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MiT / Games and Play

Benjamin J Robertson, Architecture and Control: “Natural” Constraints on Cultural Production in the Networked Society — Not sure what this has to do with Games and Play, but the basic idea appears to be a modification of Lessig’s “Code is Law”: natural law as constraining materialist (or in Lessig’s case, code) law.


Dan Roy, Constructing Identities of Mastery in Games: Games emphasize mastery — better than other media: help us see and overcome challenges.

What motivates mastery?
1. Personal relevancy: choice, engagement
2. Personal visibility: measurable
3. Social relevance: mastery obvious to group
4. Social visibility: opportunities for group to see individual mastery

MMORPGs as an example: “Leveling up” as a proxy measure of increased mastery. However, it’s only a measure of time, not mastery — thesis argues that there should be such a measure.

cf. Natural Born Cyborgs about the nature of self. (postmodern “soft” self)

Going to different selves to feel differently, e.g. adopt a self to feel masterful. [Is this why games are addictive?]. cf. Castronova’s concept of migration: “People will go where things are best for them.” Except that migration implies a one-way move. Today, a flexibility to move back and forth that’s less possible in the real.

What a great presentation: Dan was clear, used personal anecdotes/illustration, had a point to make. Dan’s also got a great blog.


McKenzie Wark, Gamer Theory (or “G4M3R 7H30RY”)

Existing studies seem focused on formalism, “ludology,” how do we secure this study?

Wark is interested in a critical theory:

1. World seems increasingly an unfair game. Whereas single-player games have a level playing field, “quasi-Utopian.” Rather than less, it’s in fact the world in a more perfect form — can hold this world to account for what it does not deliver.

2. Games as objects, not just a reiteration of cinema. Chose arbitrary games based on ability to see theory, including a “boring game.”

3. SimEarth: What is not quantifiable. What is cannot be modeled. What will be excluded?

4. SimEarth: It is a game you cannot win — the best you can do is get humans to blast off. It’s the “limit case” of the digital: a remainder that will come back to haunt us.



Gamer vs. Hacker: Work is now play, play is now work (you gotta be creative!). Contrast WoW — you pay to labor.

Presumptive irrelevance of race (de-racinated spaces): Dan purposefully side-stepped this issue in the thesis. Game spaces allow taking on a different race + potentially experience that… though then the assumptions break down about race? Ed. Arcade’s game “labyrinth” avoiding race, or even style (e.g. inserting “cool kids”). McEnzie: studying relationship among races, not just 1-to-1 mapping onto human races.

If games are Utopian, can they give us leverage?

[Look up recent paper of leadership] Ben Stokes: Can you get ‘certification’ of WoW guild master to real-life leadership. Dan: Rehearsal for real-world job market. Ben: Can we help these players translate these skills into jobs? Dan: Maybe a future of a unified identity that can from world to world, WoW to Facebook to blog…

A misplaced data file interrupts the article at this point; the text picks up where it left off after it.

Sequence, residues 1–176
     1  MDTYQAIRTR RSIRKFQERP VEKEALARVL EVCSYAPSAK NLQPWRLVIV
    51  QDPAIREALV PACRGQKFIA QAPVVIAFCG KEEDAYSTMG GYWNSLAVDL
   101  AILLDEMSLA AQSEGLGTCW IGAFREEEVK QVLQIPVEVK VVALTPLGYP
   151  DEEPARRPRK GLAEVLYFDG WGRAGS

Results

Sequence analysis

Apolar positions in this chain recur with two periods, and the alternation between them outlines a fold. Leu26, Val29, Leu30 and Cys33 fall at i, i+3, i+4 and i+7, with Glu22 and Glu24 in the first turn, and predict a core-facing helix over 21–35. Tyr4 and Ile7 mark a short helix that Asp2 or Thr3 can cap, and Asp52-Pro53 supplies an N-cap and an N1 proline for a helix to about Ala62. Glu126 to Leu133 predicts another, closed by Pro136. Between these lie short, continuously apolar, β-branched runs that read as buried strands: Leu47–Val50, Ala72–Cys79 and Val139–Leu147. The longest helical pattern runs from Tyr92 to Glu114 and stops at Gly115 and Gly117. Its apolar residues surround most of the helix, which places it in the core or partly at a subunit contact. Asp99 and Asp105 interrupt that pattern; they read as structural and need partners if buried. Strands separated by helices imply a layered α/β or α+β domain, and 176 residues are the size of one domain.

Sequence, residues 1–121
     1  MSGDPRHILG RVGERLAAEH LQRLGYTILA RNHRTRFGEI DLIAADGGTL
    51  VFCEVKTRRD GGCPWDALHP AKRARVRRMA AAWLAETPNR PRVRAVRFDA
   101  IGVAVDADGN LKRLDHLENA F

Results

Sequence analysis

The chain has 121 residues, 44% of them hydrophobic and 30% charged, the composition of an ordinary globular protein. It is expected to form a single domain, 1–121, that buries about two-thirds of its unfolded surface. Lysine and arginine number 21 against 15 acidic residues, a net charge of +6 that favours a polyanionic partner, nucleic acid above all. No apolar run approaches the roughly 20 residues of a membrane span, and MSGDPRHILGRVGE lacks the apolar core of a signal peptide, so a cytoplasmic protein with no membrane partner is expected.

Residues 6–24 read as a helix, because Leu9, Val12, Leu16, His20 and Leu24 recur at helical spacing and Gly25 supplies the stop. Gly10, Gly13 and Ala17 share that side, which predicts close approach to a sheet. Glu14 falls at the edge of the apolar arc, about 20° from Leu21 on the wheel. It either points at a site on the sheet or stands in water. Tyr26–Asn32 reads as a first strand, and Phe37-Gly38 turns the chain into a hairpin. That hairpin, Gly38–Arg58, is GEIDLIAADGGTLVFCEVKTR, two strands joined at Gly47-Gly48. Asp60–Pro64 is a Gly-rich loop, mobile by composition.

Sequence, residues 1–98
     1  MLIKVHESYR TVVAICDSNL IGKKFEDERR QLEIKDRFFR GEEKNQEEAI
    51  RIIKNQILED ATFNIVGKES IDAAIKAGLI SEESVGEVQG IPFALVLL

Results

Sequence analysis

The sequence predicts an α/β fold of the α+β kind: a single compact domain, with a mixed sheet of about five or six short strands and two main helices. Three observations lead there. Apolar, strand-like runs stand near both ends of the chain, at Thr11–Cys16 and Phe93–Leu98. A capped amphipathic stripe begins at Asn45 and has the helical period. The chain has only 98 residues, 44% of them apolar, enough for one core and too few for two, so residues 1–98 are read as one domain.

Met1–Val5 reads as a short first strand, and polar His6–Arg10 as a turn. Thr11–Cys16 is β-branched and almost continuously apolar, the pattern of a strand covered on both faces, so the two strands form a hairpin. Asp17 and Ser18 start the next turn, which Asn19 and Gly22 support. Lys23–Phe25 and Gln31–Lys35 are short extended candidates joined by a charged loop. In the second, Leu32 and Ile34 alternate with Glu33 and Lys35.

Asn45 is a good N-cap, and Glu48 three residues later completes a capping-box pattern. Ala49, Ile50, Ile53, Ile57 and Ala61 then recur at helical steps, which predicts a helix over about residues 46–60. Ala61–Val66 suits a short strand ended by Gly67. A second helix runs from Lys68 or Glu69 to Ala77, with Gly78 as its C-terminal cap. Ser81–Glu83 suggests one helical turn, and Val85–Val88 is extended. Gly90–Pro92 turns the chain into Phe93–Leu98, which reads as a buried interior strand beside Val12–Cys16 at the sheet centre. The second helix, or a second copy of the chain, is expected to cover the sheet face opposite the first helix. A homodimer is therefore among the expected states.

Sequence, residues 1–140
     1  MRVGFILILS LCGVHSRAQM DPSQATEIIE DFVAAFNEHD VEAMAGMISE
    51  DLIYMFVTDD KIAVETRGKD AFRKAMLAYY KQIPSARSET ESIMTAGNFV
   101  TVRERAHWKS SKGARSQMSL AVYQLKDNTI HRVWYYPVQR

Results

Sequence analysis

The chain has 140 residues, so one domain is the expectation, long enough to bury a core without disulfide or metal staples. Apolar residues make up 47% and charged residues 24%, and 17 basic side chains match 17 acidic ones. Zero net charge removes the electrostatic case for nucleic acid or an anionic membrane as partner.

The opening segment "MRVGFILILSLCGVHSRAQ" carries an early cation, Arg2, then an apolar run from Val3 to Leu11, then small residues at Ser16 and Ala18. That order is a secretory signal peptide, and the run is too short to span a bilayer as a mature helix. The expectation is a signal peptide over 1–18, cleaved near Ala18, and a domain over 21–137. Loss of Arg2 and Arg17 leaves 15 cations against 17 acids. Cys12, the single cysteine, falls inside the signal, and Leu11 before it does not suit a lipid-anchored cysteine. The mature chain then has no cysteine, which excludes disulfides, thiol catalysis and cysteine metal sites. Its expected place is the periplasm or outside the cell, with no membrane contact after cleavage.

A game designers’ perspective: imperative to make things “fun” — McEnzie: “fun” not thinkable (cf. Raph Koster) but rather opposite of boredom. Boredom is a constant referral to a self that cannot act. Fun is by definition something you think about as you’re doing it.

OK now we’ve wandered into philosophy of fun… and now we’re in game… and now fun… ok that’s a lot of theory that’s just blown by.

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  1. Eric Martindale | June 1, 2007 at 9:13 am | Permalink

    Interesting points, especially on how in many games one pays to labor. What is the mentality behind this? I think some of the things I’ve discovered while running a roleplaying portal have helped me discover that it’s not about the fun – or rather, the fun isn’t based on the sole aspect of doing something that we may directly enjoy, but instead from the process of getting to that point. It is an addiction to process, not to the result.

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  1. Semioclast » Blog Archive » MiT5 | April 30, 2007 at 11:00 am | Permalink

    […] The session I was on was entitled Games and Play. I know very little little about game theory generally or the current state of video game research. My abstract does not mention games or really anything that, to my mind, could be construed as being about games. It does mention McKenzie Wark, however, and perhaps that’s why they put me on this panel. However, as was to be expected, everyone there wanted to either talk to Wark or ask questions of a more sociological bent (still about games, however) to the other speaker, Dan Roy, who talked about Identity and Cross-Platform Gaming. Now, I don’t fault anyone for wanting to have a conversation about gaming when they came to a panel about gaming. But I still bothers me that I was asked one pity question and ultimately wound up talking to absolutely no one about my paper/subject area when the whole conference, it seems to me, was entirely built around things I think about all of the time (although I expect that’s hardly unique to me–the part about the thinking, not about the not talking). What my presence on the panel led to, no doubt, is confusion, as evidenced by this blog post, who states, of my paper, “Not sure what this has to do with Games and Play”. Nothing, and I can’t fault anyone for not being interested in my paper, because, for the most part, I am generally not invested in games. […]